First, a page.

• Be actively engaged in marketing, on behalf of the agricultural park, in general, and the respective individual farm operations/products
  • Integrate sustainable agriculture, natural/cultural resource stewardship and public education
  • Lead, but learn from others
  • Be more than just an agricultural park, be a destination, incubator of ideas and model for others to follow

The vision of the Hō`ea Agricultural Park is the development and management of the agricultural park as a diversified, collaborative, sustainable system that provides land access and farming opportunities for multiple small farmers whose production, marketing and education activities support local food availability, that is economically viable, environmentally sound and provides value for all participants – the North Kohala community, farmers and Hawai`i County residents.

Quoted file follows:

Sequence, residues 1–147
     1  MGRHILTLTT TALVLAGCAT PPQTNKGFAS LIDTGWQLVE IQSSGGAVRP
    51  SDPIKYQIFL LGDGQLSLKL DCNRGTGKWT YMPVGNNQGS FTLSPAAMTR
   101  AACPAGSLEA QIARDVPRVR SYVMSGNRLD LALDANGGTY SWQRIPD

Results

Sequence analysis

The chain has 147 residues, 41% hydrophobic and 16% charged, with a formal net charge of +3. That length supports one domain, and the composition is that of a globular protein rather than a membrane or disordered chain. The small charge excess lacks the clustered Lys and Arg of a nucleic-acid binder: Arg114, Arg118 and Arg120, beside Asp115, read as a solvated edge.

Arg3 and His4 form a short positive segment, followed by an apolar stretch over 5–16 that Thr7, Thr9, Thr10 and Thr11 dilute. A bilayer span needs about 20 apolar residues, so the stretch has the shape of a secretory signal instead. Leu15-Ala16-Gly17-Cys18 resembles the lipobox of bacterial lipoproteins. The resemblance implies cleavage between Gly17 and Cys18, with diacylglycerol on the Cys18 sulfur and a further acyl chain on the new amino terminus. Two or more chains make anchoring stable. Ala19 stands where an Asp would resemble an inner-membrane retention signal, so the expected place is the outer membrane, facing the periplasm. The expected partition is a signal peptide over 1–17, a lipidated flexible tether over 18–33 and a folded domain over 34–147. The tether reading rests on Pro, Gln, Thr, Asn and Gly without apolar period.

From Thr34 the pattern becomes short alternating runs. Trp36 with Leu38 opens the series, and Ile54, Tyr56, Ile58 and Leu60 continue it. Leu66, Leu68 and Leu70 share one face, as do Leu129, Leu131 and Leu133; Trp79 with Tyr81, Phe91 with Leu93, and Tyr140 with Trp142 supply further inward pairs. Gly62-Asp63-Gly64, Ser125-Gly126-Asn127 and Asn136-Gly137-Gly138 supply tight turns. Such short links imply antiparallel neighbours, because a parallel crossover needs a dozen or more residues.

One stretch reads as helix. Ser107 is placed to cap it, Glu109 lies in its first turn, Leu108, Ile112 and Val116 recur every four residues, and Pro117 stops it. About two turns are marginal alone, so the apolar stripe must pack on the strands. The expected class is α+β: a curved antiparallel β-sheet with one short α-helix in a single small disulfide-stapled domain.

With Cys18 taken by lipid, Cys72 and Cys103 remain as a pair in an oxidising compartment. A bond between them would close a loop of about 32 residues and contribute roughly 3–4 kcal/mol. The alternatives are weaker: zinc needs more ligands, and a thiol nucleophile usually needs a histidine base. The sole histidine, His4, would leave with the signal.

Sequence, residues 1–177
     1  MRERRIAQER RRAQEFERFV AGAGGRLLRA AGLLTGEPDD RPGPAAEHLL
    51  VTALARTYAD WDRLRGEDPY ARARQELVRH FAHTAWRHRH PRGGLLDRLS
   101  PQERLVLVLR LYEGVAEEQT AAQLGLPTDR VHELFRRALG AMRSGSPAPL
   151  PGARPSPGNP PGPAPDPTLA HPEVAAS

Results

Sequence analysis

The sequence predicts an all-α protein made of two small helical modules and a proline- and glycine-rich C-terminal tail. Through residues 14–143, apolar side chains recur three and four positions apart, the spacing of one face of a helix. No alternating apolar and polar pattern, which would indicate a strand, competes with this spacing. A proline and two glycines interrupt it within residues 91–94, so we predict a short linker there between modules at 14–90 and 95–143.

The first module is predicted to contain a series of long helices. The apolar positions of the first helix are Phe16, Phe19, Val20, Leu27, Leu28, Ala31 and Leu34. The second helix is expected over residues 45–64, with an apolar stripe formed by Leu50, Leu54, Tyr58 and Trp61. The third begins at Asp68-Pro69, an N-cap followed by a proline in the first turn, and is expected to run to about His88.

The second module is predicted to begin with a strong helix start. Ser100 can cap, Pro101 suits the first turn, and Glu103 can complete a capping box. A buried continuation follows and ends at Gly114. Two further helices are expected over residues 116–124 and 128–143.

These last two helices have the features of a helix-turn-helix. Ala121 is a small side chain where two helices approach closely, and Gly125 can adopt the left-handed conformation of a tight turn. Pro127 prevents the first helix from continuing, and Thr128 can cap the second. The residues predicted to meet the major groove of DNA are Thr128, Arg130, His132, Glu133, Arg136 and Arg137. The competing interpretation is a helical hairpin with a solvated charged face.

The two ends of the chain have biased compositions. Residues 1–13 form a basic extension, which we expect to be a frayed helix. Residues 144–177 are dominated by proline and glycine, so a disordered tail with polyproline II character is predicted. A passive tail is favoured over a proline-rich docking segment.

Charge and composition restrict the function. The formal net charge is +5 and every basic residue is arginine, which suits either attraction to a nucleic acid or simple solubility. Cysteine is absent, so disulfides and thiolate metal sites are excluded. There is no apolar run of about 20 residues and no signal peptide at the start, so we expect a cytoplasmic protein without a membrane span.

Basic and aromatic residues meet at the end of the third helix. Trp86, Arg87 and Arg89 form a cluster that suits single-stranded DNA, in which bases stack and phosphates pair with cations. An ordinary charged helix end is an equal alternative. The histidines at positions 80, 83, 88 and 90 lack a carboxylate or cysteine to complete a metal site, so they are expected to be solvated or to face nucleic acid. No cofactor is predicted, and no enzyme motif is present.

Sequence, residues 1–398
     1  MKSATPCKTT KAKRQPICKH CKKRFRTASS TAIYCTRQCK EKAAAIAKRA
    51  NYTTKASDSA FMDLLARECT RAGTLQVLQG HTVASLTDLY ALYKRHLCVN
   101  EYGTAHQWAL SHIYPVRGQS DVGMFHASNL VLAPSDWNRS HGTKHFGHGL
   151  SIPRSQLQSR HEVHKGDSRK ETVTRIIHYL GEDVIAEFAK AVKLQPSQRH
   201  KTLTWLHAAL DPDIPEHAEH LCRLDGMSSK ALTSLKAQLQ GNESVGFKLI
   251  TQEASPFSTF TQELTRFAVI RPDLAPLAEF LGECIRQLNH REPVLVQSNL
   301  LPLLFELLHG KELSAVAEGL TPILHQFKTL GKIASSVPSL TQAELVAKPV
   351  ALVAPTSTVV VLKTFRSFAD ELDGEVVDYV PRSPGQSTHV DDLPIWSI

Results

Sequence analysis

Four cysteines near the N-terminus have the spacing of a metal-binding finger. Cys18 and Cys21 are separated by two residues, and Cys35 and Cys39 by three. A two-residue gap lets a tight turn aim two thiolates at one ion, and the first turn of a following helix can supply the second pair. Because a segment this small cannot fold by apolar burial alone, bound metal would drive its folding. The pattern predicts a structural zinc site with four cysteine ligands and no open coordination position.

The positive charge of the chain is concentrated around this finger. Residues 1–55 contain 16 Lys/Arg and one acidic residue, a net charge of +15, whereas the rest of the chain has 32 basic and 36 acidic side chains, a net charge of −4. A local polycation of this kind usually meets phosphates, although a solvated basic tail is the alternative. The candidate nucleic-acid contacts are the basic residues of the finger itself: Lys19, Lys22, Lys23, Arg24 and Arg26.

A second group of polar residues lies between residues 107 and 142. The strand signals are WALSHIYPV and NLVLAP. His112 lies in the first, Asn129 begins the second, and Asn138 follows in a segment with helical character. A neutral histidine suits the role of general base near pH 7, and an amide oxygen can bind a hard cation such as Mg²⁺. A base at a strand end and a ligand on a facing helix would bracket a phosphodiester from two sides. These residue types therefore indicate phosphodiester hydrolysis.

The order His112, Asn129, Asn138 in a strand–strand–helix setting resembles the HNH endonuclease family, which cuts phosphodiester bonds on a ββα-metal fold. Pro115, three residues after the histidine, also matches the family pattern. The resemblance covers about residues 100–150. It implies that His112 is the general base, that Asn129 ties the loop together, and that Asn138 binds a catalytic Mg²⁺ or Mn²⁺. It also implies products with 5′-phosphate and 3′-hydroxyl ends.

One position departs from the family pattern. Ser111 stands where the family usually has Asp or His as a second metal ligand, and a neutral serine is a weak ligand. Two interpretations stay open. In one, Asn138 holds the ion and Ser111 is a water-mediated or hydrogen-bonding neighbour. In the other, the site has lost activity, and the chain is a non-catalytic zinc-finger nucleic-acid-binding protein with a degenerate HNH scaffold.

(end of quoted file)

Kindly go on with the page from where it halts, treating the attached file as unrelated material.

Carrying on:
More specifically, the following highlight some of the recommendations in the Master Plan that focus on successful and sustainable (economically, socially and environmentally) practices within the Agricultural Park (these enhance revenue opportunities, as well as reduce the cost of operation – in all cases, seeking multiple benefits from each action:)

  • Focus is on Farming, and Food specifically, not ornamental or other agricultural uses
  • Diversity of Food (Grown and produced in the Agricultural Park)
  • On‐Park Farm Stand (Selling products grown/produced in the Agricultural Park)
  • On‐Park Farm Cafe (Preparing and selling products grown/produced in the Agricultural Park)
  • Marketing Coordinated by the Agricultural Park – replacing wholesaler (this provides cost savings and benefits that are passed on to the farmer and allows farmer to focus on farming)
  • Diverse Marketing Strategies (Farm‐to programs, subscriptions, local outlets, neighboring resorts, etc)